Dock Workers’ Rights

Published in Dawn on January 24, 2019.

The recent success of the Port Qasim dock workers’ union in claiming due rights after months of struggle is worthy of our attention for three reasons. Foremost is the fact that this is the first time workers took an open stand against rights violations committed by a Chinese company working for a CPEC project. Secondly, the way the dock workers’ union garnered solidarity of a larger representation of trade unions and civil society reflected positively on the unionised labour in Karachi ports and the trade union movement no matter how weak it stands in the current neoliberal environment. Thirdly, it provides an opportunity to take stock of labour legislation and international standards compliance in our ports.

It is not the first time that labour violations in a Chinese-led CPEC project have come to light. More than 100 on-site deaths and injuries were reported in the construction phase of the Lahore Orange Line Metro Bus project due to lack of health and safety standards. A recent 2018 investigation of labour conditions in the construction of the M-4 Motorway, another project under CPEC, revealed contractual labour on low wages and precarious work conditions.

As infrastructure development under CPEC projects gains momentum, it is critical that, besides economic benefits, social cost should be monitored and efforts made to mitigate adverse implications. Both China and Pakistan have a reputation for poor treatment of their workers. Both got the same ranking (five at the bottom) in the ITUC Global Rights Index 2018. According to the index, countries with the rating of five are the worst countries in the world to work in. Though legislation spells out certain rights, workers have effectively no access to these rights and are exposed to unfair labour practices. Despite all odds, workers in China, like in Pakistan, are collectively making their voices heard. About 600 strikes by workers were reported in China in 2017 and recent estimates are even higher.

Dock workers around the world face numerous challenges with globalisation of trade, economic restructuring and adoption of new cargo-handling methods. Histori­cally, dock workers have struggled against the adverse consequences of their work’s temporary nature. After the great London dock strike of 1889 against the insecurity of jobs, voluntary registration schemes for decasualisation through contribution by employers were initiated in the UK. The scheme, made statutory after the 1945 strike under the Dock Workers (Regulation of Employment) Act, 1946, and administered through the National Dock Labour Board, was termed ‘anachronistic’ by neoliberals and abolished during the Thatcher era amidst protests by trade unions.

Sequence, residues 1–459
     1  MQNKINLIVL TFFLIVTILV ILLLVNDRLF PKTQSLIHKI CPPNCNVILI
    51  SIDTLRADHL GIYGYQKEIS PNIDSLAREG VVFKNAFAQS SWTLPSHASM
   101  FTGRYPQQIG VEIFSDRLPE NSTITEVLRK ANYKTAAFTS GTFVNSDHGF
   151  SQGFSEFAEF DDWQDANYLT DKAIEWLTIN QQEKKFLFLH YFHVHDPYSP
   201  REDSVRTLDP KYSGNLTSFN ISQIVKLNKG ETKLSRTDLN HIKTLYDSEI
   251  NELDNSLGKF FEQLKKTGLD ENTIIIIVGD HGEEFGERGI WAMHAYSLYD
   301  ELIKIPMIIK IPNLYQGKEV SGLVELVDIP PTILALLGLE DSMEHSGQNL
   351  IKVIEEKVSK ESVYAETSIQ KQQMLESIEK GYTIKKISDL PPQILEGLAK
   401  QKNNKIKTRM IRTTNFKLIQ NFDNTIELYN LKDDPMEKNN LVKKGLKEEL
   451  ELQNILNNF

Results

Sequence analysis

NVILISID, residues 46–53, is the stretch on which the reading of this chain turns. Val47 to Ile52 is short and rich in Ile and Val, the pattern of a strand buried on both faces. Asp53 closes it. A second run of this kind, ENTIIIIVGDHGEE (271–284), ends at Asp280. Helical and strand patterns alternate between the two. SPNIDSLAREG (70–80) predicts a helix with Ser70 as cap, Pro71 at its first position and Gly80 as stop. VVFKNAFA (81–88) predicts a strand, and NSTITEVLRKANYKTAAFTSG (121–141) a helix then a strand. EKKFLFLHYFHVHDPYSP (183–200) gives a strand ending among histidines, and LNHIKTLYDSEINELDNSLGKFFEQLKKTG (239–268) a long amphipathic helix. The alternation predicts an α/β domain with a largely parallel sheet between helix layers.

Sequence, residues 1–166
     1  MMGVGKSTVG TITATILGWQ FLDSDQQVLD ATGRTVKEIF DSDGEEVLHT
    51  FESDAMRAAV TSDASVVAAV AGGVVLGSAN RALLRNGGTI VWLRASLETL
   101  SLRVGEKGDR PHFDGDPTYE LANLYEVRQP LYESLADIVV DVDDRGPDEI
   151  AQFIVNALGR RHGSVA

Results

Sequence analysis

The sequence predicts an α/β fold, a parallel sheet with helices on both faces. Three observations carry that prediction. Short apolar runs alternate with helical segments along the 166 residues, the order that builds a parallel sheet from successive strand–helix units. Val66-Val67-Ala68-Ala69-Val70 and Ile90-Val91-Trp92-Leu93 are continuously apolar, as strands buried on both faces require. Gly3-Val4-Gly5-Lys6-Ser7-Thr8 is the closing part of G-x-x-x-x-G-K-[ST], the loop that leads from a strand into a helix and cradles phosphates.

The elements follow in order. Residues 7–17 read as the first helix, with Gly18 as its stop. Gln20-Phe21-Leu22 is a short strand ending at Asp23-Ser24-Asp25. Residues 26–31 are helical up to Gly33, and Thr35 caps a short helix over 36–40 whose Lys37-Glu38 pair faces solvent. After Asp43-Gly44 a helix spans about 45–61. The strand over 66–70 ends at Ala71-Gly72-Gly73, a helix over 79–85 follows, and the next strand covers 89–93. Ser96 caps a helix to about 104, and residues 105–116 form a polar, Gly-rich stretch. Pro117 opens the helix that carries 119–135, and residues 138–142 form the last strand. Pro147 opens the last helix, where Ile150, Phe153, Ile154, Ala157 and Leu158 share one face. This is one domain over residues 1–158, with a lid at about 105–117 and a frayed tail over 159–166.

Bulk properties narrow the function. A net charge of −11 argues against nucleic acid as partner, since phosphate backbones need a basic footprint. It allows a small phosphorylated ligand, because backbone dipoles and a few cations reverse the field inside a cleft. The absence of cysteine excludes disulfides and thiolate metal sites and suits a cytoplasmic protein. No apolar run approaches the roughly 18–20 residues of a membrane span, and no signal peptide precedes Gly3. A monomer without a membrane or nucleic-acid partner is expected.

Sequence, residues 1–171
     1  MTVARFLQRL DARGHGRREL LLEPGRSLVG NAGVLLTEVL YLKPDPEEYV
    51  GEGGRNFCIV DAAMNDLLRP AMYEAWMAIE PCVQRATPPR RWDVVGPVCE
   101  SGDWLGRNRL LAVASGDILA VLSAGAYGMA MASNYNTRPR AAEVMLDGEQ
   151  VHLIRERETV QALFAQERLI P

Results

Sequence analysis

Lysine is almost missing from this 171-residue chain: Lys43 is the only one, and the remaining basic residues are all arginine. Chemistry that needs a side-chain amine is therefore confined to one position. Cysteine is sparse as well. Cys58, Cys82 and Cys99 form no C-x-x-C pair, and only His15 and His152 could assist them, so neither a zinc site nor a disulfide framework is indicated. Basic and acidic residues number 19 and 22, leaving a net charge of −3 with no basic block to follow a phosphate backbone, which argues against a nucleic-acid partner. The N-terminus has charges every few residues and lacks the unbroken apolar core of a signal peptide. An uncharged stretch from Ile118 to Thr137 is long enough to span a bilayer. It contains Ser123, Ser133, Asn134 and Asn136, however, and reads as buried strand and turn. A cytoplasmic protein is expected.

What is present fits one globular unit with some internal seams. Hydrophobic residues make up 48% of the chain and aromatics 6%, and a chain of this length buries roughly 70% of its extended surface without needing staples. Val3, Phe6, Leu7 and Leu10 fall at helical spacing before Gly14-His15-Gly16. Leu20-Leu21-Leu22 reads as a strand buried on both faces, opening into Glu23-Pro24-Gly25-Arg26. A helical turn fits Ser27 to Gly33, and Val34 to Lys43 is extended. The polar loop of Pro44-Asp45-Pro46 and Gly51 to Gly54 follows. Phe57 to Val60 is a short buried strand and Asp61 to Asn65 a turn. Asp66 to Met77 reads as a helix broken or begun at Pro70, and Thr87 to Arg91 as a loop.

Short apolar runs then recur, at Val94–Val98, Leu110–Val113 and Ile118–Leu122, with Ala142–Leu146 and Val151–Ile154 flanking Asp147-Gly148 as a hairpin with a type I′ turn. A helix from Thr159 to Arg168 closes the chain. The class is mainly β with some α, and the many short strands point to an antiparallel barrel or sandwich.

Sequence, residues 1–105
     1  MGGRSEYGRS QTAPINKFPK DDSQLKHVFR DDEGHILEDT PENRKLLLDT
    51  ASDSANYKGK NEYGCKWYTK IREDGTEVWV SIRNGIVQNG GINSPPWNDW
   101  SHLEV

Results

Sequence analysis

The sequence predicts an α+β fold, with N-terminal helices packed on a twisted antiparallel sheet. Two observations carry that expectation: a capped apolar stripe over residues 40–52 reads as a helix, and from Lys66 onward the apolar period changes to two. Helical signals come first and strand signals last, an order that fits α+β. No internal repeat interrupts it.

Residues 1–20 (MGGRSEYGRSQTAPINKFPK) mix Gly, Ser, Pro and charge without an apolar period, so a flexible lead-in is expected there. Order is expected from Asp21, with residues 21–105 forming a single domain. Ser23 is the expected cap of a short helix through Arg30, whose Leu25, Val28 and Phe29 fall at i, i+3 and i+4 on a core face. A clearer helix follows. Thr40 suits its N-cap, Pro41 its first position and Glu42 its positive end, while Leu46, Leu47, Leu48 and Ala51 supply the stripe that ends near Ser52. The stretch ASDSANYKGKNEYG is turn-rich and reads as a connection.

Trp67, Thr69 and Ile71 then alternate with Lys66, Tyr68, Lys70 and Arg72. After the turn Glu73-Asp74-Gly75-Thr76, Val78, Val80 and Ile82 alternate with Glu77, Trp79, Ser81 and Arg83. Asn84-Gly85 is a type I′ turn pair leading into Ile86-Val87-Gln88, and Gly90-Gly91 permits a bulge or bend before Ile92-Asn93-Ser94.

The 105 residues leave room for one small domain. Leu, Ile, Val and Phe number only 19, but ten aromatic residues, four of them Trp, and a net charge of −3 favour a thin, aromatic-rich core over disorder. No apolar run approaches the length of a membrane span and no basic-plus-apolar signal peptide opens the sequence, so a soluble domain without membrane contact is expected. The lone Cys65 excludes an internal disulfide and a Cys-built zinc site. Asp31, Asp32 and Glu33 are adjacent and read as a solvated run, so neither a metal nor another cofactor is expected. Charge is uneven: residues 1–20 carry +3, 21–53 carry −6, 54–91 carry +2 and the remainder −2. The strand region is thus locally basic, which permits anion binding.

Earlier gains made by dock workers are being eroded.

In Pakistan, the Karachi Dock Labour Board was formed under the Dock Workers (Regulation of Employment Act), 1974. There are about 2,800 workers registered with the board. In 2006, the World Bank advised the government to abolish the board, register the workers but not treat them as permanent employees and shift the cost of labour protection to the stevedoring companies.

The unions at the port are fighting to keep the scheme going. The KPT exempted the South Asia Pakistan Terminals (Hutchinson Ports Pakistan) from the jurisdiction of the board under an agreement with the cargo handling company. Dock workers fought for years till in March 2018 the conflict over labour welfare cess was resolved. In April, the dock workers’ union successfully negotiated a two-year collective agreement with the Pakistan International Con­tainer Terminal that delivered a 20 per cent wage increase, payment of arrears and regularisation of jobs.

The story of Port Qasim is grim; the authorities consider it outside the jurisdiction of the Karachi Dock Labour Board while the workers demand the 1974 law be implemented.

Pakistan has ratified two old conventions (C 27 & C 32) related to dock workers. Since both have become outdated, the ILO has advised Pakistan to ratify Dock Work Convention No.137 and the Occupational Safety and Health (Dock Work) Convention No.152. The first deals with new methods of work in docks and aims to afford protection to dock workers. It calls the ratifying state to formulate a national policy to provide for registration and permanent employment and ensure health and safety, vocational training and workers’ collective agency.

As the gains made by dock workers in earlier times are being eroded with containerisation, privatisation and port reforms, it is incumbent on the government to formulate and implement a policy that safeguards their rights, inclusive of the right to unionise and collective bargaining, and ratify the relevant ILO conventions. Despite reduction of the workforce at ports due to technological changes, registration of dock workers, their permanent employment and stability of income are still essential for efficient working of the ports.

View this article on Dawn’s website.

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